|Bothy Threads Kings and Queens|
Henry II was born in NW France on 4th March 1133. His father was Count of Anjou and his mother Matilda, daughter of Henry I of England. Henry I had named his daughter as his successor to the throne but her cousin Stephen took over. Henry was the first of the great Plantagenet dynasty and he had 5 sons including Richard I and John, 3 daughters and several illegitimate children.
Henry first became the ruler of Normandy and Anjou when his father died and in 1152 he married Eleanor of Aquitaine. Then in 1153 he crossed to England to begin his pursuit of the English throne, finally reaching an agreement with Stephen that on his death he would succeed to the throne.
In 1154 Henry became King of England and he began to restore order. Henry’s chancellor was Thomas Becket and using him he began to reorganise the judicial system. Henry also expanded his empire in order to restore the lands of his grandfather Henry I. During his reign he re-established hegemony over Wales and gained control over lands in Anjou, Maine and Touraine in France. But this meant that Henry came into conflict with Louis VII and the two rulers fought over several decades. By 1172 Henry controlled England, the Eastern half of Ireland, large parts of Wales and the western half of France which would become known as the Angevin Empire.
In 1164 Henry reasserted his ancestral rights over the church but Becket who was now the Archbishop of Canterbury refused to comply. An attempted reconciliation failed and Becket punished any priests who had co-operated with Henry. This is when Henry uttered those famous words “Will no one rid me of this turbulent priest?” And in December 1170 four knights took these words literally and murdered Becket in Canterbury Cathedral. This backfired on Henry as overnight Becket became a saint. Henry did reconcile himself with the church but the royal control changed very little.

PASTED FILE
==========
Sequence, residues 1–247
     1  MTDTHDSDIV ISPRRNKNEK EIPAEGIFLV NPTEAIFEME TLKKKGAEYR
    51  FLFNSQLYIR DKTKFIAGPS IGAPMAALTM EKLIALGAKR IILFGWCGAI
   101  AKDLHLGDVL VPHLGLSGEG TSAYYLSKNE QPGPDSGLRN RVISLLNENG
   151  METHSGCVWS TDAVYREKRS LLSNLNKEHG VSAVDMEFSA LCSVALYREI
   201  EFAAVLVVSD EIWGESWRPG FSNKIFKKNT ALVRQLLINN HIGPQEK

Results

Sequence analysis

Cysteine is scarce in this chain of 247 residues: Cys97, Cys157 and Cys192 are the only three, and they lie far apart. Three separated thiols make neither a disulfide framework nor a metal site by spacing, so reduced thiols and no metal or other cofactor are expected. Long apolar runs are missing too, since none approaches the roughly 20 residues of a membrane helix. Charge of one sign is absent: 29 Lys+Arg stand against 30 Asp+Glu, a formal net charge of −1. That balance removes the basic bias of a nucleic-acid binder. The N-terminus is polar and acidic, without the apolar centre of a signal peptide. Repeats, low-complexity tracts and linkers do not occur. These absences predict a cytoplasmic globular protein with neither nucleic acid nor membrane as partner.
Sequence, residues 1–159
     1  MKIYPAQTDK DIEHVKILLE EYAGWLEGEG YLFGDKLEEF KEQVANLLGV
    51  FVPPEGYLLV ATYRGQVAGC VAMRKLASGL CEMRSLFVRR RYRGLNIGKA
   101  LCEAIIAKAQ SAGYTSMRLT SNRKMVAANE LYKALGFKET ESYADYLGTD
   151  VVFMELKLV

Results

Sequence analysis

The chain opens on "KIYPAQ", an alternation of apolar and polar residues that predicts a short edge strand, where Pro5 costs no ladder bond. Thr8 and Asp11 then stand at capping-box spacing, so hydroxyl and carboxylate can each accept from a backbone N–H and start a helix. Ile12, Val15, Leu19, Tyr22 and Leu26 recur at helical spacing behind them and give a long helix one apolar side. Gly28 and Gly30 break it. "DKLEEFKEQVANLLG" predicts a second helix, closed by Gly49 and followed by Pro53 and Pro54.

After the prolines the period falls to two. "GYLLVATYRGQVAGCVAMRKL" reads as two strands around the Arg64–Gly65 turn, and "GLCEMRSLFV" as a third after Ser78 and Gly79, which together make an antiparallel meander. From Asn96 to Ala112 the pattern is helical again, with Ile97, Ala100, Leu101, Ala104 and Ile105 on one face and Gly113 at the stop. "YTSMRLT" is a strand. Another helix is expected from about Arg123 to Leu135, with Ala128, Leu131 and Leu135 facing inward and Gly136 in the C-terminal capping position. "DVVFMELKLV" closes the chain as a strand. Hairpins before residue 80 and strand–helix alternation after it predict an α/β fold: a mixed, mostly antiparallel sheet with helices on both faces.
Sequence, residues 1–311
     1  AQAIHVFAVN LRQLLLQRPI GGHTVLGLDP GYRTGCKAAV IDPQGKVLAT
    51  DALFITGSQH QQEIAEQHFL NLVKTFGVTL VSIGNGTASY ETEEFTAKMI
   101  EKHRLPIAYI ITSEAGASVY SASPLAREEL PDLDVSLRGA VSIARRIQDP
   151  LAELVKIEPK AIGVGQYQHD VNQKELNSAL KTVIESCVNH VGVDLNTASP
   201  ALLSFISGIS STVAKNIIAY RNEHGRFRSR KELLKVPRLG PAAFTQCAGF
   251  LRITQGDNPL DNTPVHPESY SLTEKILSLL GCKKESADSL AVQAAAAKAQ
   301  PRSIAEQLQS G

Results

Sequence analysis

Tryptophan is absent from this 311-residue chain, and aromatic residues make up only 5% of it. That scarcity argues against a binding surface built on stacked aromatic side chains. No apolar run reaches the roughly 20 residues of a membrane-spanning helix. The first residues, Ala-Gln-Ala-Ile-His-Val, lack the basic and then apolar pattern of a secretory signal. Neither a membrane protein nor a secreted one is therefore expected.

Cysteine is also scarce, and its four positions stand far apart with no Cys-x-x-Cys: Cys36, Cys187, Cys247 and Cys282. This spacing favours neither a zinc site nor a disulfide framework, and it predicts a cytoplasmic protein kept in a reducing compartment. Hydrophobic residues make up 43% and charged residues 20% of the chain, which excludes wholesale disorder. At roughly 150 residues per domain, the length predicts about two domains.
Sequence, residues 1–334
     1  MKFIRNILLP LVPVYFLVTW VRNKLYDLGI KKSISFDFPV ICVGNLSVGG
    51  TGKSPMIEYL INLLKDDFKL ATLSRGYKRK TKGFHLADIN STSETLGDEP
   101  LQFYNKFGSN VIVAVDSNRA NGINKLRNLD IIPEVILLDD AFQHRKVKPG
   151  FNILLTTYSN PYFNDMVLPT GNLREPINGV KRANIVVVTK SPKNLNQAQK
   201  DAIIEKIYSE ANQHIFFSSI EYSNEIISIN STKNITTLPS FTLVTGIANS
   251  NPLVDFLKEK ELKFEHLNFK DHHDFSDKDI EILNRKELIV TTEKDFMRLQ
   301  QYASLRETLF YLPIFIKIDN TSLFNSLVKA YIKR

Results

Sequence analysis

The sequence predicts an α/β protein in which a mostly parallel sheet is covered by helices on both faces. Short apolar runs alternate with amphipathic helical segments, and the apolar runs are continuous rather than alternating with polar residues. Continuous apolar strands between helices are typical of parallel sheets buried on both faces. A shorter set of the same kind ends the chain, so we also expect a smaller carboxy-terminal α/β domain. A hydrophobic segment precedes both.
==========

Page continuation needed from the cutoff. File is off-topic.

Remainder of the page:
It is during Henry’s reign that the English presence in Ireland is established. The King of Leinster in Ireland asks for Henry’s help in opposing a confederation of other Irish kings. But Henry had problems within his own family and his sons both legitimate and illegitimate. His sons Henry, Geoffrey, Richard and John all mistrusted each other and didn’t like their father’s policy of dividing land between them. This led to serious disputes and in 1175 Henry’s sons Henry, Richard and Geoffrey all lead an unsuccessful rebellion against him.
It was during conflict with his sons; antagonised by the French Crown, that he fell sick whilst at Le Mans. His son Richard didn’t believe him and attacked the town. Henry was forced to accept Richard’s terms and his only request was that he was given the names of those who had rebelled against him. Henry retired to Chinon very sick and one of the names on the list was his son John, his beloved and the one he had fought for. Henry died July 1189 at Chinon Castle, Anjou. He was buried in the Abbey of Fontevraud near Anjou and succeeded by his eldest surviving son Richard I.